This week’s parasha discusses the laws of שילוח הקן, one who comes across a bird’s nest and is required by the Torah to send away the mother bird and keep the eggs or chicks. The Torah promises that one who performs this mitzvah will have long life. The Gemara, however, offers us a different perspective on this reward of long life. The Gemara (Chullin 142a) records an incident where a man sent his son to perform the mitzvah of sending the mother bird away, and upon completing the mitzvah, the boy died. The Gemara wonders how, according to the Torah, this boy received a reward for long life? The question is two-fold, as the mitzvah of honoring one’s parents also warrants that one receive long life. In this incident, the boy was deserving of a long life for performing two mitzvos, and yet he was cut off in his prime. The Gemara therefore posits that the reward refers to long life in the next world.
This is all fine, but there is a difficulty to this resolution from the Mishna (Peah 1:1) that states clearly that one who honors his parents will eat from the fruits of the mitzvah in this world and will retain the principle reward in the World to Come. Given this statement, it would seem that the boy should have at least been allowed to live out his life in this world. How, then, was his life cut short despite the performance of mitzvos that ensure one a reward of long life?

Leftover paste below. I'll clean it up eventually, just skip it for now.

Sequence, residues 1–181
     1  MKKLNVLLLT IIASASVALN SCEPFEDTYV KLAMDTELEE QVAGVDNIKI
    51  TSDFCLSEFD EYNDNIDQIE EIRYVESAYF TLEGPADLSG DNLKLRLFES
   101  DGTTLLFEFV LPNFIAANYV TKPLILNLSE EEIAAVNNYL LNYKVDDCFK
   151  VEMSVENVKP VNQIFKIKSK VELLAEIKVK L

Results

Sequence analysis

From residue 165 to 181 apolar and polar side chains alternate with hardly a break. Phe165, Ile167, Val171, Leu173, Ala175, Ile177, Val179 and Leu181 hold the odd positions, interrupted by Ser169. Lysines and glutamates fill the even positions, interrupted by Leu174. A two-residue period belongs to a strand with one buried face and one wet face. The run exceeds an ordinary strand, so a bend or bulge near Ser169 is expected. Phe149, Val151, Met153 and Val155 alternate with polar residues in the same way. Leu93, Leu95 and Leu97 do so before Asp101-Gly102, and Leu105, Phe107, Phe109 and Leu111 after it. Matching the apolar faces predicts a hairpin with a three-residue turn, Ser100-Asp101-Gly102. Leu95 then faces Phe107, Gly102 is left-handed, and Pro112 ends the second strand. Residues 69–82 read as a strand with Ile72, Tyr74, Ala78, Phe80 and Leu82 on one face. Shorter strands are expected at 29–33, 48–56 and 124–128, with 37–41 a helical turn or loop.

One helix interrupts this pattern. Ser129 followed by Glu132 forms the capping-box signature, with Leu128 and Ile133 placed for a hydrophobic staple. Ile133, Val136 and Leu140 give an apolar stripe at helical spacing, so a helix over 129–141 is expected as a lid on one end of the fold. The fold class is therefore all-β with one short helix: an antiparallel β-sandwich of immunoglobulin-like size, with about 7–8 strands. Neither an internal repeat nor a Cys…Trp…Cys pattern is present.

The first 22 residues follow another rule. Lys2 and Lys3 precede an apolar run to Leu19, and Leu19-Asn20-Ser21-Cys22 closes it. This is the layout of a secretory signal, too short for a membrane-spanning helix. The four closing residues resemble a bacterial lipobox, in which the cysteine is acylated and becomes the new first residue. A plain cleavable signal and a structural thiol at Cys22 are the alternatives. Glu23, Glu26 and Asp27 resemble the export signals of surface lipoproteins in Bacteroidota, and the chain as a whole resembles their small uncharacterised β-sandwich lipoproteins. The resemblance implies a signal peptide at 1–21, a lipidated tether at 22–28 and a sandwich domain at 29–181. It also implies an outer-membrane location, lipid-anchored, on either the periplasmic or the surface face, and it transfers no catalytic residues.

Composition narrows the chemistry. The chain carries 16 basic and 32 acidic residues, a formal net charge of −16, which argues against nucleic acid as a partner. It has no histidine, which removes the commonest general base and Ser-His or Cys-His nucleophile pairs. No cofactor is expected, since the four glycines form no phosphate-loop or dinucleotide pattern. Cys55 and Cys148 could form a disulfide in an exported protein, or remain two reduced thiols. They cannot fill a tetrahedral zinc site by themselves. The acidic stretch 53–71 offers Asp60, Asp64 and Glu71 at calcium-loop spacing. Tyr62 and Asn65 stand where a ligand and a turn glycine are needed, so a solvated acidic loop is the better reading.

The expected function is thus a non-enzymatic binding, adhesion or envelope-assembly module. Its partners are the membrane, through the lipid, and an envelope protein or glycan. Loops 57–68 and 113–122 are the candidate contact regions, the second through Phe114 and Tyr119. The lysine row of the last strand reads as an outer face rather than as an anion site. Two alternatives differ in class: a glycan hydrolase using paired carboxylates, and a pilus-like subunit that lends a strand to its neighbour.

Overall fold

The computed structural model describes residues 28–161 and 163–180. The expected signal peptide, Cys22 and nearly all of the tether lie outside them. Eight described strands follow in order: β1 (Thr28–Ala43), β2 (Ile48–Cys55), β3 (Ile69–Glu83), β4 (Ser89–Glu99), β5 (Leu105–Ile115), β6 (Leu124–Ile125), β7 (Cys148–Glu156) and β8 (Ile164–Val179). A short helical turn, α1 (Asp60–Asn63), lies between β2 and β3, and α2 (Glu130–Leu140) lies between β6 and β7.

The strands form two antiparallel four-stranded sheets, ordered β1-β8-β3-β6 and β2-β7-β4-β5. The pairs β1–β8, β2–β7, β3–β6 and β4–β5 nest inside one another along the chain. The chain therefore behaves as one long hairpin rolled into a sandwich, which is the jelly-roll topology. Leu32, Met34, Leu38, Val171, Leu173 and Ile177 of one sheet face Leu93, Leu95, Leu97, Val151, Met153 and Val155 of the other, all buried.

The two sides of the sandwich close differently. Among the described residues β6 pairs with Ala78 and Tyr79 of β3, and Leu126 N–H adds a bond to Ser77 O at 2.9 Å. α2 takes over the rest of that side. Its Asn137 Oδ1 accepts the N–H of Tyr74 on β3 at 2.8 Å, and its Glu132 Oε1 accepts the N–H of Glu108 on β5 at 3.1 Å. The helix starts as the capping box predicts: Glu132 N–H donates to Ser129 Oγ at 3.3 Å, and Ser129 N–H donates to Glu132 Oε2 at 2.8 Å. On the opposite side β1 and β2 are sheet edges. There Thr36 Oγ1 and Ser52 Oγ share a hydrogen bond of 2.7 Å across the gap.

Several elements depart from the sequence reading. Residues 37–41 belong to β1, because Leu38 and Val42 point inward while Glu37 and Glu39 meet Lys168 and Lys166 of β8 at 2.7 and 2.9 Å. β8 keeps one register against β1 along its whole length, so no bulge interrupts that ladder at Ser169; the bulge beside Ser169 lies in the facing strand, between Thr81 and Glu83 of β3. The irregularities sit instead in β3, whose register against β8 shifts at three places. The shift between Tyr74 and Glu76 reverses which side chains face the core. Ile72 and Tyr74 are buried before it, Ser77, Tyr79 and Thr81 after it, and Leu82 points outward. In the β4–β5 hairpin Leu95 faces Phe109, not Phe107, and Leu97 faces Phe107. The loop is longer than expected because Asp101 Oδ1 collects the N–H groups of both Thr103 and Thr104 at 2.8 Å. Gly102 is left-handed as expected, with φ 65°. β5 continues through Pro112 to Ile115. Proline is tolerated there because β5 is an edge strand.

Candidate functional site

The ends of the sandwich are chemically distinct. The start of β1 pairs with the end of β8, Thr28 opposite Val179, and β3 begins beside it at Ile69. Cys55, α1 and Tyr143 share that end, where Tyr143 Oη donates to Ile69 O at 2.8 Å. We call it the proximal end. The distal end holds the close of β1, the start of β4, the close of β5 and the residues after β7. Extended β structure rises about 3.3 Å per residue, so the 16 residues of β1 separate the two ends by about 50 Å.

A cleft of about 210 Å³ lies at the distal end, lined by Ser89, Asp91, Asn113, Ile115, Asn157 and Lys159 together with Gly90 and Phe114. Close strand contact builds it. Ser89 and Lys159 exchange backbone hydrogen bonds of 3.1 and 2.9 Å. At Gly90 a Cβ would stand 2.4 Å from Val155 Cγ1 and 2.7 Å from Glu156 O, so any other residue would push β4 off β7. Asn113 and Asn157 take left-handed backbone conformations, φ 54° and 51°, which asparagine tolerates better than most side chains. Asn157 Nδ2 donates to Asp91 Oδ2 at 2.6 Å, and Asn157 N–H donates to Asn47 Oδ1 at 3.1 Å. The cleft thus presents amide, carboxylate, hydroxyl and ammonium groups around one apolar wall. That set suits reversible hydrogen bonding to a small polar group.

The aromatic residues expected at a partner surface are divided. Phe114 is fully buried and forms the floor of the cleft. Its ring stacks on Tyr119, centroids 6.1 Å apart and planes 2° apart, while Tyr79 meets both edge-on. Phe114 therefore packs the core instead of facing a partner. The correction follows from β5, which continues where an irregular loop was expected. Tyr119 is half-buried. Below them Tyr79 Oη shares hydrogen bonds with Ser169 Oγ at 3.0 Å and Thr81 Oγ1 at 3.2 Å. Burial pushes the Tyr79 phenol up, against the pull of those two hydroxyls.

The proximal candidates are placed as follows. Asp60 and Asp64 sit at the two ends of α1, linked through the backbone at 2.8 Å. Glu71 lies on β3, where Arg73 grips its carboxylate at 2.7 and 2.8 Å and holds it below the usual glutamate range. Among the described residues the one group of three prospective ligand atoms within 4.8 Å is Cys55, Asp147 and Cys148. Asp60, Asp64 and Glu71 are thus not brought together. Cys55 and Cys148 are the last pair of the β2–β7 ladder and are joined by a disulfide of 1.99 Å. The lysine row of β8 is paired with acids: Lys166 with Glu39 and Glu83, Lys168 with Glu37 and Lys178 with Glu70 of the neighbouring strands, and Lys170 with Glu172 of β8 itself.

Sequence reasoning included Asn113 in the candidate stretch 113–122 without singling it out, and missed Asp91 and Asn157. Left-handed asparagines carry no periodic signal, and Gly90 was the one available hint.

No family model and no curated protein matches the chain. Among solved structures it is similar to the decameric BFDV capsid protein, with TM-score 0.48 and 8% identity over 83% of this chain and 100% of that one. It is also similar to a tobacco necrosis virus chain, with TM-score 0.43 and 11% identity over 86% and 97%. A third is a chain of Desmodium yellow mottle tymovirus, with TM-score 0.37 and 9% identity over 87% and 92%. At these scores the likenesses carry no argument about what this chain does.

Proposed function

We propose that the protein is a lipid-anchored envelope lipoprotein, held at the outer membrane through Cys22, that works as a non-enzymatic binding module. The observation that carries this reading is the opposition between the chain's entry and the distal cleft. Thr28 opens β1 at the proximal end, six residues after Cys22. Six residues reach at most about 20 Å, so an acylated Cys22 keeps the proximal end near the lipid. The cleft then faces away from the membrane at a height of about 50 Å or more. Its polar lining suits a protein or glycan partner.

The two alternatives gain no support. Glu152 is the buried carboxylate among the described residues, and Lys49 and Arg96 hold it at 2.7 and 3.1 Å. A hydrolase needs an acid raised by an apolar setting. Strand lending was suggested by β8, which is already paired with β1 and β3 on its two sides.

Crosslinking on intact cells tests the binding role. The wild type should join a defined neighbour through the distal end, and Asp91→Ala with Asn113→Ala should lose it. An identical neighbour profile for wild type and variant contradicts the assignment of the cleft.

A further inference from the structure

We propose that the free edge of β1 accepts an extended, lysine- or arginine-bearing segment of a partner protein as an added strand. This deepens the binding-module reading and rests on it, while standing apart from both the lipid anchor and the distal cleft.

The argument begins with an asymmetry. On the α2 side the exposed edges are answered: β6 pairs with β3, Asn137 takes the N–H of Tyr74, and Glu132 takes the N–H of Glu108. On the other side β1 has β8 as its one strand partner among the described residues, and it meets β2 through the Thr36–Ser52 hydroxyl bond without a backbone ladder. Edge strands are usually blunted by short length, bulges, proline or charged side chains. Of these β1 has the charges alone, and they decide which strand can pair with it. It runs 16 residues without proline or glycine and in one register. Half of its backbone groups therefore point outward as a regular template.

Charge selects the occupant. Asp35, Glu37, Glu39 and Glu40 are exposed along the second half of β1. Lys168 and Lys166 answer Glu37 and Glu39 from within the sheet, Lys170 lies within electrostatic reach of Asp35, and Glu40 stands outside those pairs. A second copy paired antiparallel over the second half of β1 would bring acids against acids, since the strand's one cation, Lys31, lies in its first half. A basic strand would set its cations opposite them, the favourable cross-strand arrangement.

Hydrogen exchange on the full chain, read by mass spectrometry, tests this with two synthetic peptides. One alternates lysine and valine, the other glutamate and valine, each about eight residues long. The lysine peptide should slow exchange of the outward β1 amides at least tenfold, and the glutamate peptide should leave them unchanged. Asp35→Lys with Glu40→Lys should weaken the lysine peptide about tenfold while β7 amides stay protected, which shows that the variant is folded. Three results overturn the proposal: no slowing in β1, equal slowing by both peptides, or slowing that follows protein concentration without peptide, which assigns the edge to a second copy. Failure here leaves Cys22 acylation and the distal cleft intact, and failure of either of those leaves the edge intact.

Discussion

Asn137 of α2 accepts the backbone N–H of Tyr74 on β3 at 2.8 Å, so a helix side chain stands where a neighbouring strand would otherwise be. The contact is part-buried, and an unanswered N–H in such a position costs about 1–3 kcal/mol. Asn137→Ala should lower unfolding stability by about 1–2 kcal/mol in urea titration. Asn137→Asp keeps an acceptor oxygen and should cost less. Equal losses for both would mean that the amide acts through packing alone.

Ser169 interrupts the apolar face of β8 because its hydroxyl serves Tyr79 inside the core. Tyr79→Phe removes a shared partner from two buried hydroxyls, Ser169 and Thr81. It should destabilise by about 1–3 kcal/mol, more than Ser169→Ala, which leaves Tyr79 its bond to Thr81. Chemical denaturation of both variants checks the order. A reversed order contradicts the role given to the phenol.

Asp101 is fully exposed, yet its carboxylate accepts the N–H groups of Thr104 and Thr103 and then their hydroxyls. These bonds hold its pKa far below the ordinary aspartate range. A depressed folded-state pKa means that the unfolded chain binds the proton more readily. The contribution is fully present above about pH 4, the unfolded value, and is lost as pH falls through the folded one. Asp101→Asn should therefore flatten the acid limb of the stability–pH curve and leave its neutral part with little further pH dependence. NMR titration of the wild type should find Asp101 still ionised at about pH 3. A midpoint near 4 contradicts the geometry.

To answer this question it is worth referring back to the end of last week’s parasha, Shoftim, where the Torah discusses the laws of עגלה ערופה. The Torah states that if a man is found dead between two cities and it is not known who killed him, then the elders of the city closest to the corpse must bring a calf and kill it in an uncultivated patch of land. The Medrash states that the reason for this is because the murdered individual was not given the chance to bear fruit, so his death is to be atoned for by a calf that did not bear offspring, on a patch of land that did not bear fruit. This Medrash is difficult to understand, as perhaps the murdered man had children, grandchildren and great grandchildren, and he just happened to be in the wrong place at the wrong time. The Sifsei Chachamim explains that we are not referring here to biological children. Rather, we are referring to the opportunity to perform mitzvos which the murdered person can no longer do. Similarly, we can explain the Mishna in Peah as referring to one who is rewarded for the mitzvah of honoring one’s parents by being given the opportunity to perform more mitzvos.
With this understanding we can now gain a better insight into why the Gemara in Chullin states that the boy whose life was cut short after performing the two mitzvos of sending the mother away and honoring his father did not receive long life in this world. Long life is truly in the next world, but the boy was at least able to enjoy the fruits of his labor, which was the fact that he merited performing the mitzvos while he was still alive.
HaShem should grant us the opportunity to perform mitzvos and receive the reward of performing more mitzvos in our lifetime. HaShem should grant us long life and long days that we will utilize to study His Torah and perform His holy mitzvos.
Have a REWARDING and FRUITFUL Shabbos!
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Have a wonderful Shabbos!
Prepared by Rabbi Binyomin Adler
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